Good guys go bad, bad guys go good, they'll change outfit, nickname or entrance music to evolve their character. A good gimmick change can see a midcard Superstar propelled to the top of a pile, a bad one can be a flop resulting in the wrestler being wished the best in their future endeavours.
WWE'12 represents a change for Yuke's and THQ's wrestling series with a new name that sets it apart from the previous Smackdown vs. Raw games. The change comes at an ideal time for the franchise as it introduces a new engine and new control system, in addition to various other, smaller, tweaks.
The alterations to controls and gameplay are the most noticeable new features, with face buttons taking precedent over the well-established analogue stick based system. No longer is it a case of tapping the right stick to perform grappling moves, but instead their done with the help of face buttons. Players don't have to perform moves and just hope it targets a specific part of their opponent either, with the introduction of a simple system that allows them to select head, arms or legs.
This is particularly useful when performing submission manoeuvres which are activated no matter what the position of the opponent by holding down the grapple key. Once locked on, pressure is both applied and defended against with the new ‘Breaking Point' mini-game, where players frantically tap all the face buttons to either apply or escape moves. Both can see exactly how close victory or defeat is thanks to the Breaking Point UI, a bar that once filled will result in a tap out win for the attacking player. WWE '12 also adds authenticity in this area, as just like on TV, a wrestler in a hold can attempt to crawl towards the ropes, which forces the attacker to release.
These new controls give WWE '12 a faster flowing, more natural feel, creating a more engaging and accessible experience.
It also introduces the ‘Predator Engine' giving WWE '12 a more authentic feel than those before it, in both graphics and gameplay. Predator sees smoother animations than those of previous titles, with transitions between different movements much closer to those you'd see on television.
The improvements to the engine also mean that matches featuring more than two wrestlers also flow more naturally, with moves able to be broken up by a third wrestler. This means that if two A.I. controlled Superstars are tied up, the player doesn't have to sit back and do nothing. It's another tweak that makes WWE '12 not only more exciting to play, but closer to the ‘real' thing than any other WWE title before it.
Unfortunately, sound remains an issue for WWE '12 with noise during matches less than convincing. Wrestlers mostly sound the same when hit, while large chunks of commentary are not only lifted from Smackdown vs. Raw 2011, but remains just as repetitive. Meanwhile, dialogue during Road to Wrestlemania remains hit and miss, with some very good and some stilted delivery.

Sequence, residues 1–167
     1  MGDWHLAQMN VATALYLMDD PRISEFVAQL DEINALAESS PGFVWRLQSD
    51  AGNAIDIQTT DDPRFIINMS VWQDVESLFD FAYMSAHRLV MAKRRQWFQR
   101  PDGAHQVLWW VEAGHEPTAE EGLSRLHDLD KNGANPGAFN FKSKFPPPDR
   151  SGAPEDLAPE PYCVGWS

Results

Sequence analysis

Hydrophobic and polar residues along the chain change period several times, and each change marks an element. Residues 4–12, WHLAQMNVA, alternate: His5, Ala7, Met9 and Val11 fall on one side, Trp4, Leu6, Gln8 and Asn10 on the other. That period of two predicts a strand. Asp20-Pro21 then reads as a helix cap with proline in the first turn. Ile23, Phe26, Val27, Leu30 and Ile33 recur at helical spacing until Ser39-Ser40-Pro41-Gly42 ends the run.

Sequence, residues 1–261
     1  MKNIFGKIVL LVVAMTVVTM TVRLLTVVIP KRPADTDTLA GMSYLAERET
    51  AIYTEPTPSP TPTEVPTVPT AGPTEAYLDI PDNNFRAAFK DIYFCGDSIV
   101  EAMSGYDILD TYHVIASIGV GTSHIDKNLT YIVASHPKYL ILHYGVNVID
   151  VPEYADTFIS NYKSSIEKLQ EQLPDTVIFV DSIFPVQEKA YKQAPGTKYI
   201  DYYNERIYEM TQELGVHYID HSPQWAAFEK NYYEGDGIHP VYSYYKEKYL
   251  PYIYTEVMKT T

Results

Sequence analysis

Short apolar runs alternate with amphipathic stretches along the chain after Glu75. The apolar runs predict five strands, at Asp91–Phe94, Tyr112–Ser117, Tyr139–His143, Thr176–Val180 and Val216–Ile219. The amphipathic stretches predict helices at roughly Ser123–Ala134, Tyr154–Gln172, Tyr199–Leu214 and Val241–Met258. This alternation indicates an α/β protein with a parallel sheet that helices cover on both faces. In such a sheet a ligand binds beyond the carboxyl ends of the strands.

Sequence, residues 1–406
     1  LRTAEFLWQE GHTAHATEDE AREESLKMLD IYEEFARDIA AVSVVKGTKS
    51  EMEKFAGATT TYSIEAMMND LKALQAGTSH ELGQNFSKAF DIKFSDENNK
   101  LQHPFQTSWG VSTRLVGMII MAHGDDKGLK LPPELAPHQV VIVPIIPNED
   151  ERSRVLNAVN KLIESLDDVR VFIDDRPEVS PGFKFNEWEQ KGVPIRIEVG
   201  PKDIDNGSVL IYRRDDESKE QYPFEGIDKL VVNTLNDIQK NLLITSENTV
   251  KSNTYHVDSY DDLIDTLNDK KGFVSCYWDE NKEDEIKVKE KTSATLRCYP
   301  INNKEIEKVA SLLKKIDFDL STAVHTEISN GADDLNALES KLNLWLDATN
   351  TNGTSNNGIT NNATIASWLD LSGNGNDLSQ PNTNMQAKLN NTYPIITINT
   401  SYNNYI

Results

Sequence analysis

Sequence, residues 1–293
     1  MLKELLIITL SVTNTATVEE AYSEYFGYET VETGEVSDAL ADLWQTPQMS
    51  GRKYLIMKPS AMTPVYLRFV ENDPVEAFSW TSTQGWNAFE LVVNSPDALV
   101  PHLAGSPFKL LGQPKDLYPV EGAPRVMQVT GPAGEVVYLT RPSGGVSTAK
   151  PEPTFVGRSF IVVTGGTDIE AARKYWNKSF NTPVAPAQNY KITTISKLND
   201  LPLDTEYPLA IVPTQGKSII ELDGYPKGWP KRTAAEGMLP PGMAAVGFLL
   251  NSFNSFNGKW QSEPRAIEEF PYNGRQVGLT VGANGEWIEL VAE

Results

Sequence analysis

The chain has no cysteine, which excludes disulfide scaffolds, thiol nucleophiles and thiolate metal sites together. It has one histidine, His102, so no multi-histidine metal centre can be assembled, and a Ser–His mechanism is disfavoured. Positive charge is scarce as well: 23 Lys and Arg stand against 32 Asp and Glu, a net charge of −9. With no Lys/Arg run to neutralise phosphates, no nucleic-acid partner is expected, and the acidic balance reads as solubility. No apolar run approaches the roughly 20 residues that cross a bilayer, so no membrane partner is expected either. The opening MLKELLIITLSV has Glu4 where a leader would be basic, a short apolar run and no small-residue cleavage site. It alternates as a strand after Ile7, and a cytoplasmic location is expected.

Road to Wrestlemania, once again makes a return but this time it's been significantly tweaked. Previous titles featured six different stories which each stood alone, WWE '12 reduces the number of campaigns to three which last longer, and are linked into arc that takes place across 18 months. Each tale features the unexpected twists and turns you'd expect from the WWE, with part 3 likely to make long time wrestling fans more than a tad nostalgic.
The extensive 12 to 15 hour Road to Wrestlemania does work well, but there are times where it gets repetitive or cards are frustratingly decked against the player. Irish wrestler Sheamus is lead in the Villain story, veteran Triple H takes centre stage in Outsider, while custom wrestler Jacob Cass is the focus of the Hero arc. Cass is created by the player in the familiar Create-a-Wrestler mode which offers countless possibilities. If you want Cass to be a man in a gorilla suit then he can be, anything but his name can be customised.
Customisation and sharing forms a key part of WWE titles with, Create-a-Wrestler and Create-a-Story this time joined by Create-an-Arena. Players can now create their own ring areas customising everything from the mat to crowd control barriers. Create-an-arena is an interesting new feature, though probably won't have much appeal outside hardcore wrestling fans.
Creating your own character, however, always appeals, and WWE '12 sticks with WWE Universe to essentially act their story mode. Create a wrestler, add them to the roster then play matches in order to chase various WWE titles. WWE Universe has been tweaked to add more variety, with a higher number of ‘story' events to add intrigue to matches and alter relationships between wrestlers. The lack of dialogue means WWE Universe isn't as engaging as Road to Wrestlemania but the infinite matches and large roster go some way to making up for this.
WWE '12 certainly does boost a large selection of wrestlers, both current and legendary and THQ will continue to add more with DLC packages already announced. Hardcore fans can once again pay for ‘Fan Axxess' and receive every single item of DLC. Meanwhile, ‘Online Axxess' also returns which means if players aren't buying a new copy of WWE '12, they'll need to purchase a code to play online. It's a controversial measure that THQ see as the answer to second hand sales.
It's certainly different from its predecessors, not massively, but different enough to mean WWE '12 is an enjoyable title not only for the wrestling enthusiast, but the more general fight fan too. While wrestling fans will appreciate the more authentic feel of WWE '12, others will find the simplified control system makes it more accessible, but not at the expense of gameplay. It all adds up to make WWE '12 the best wrestling title of this generation.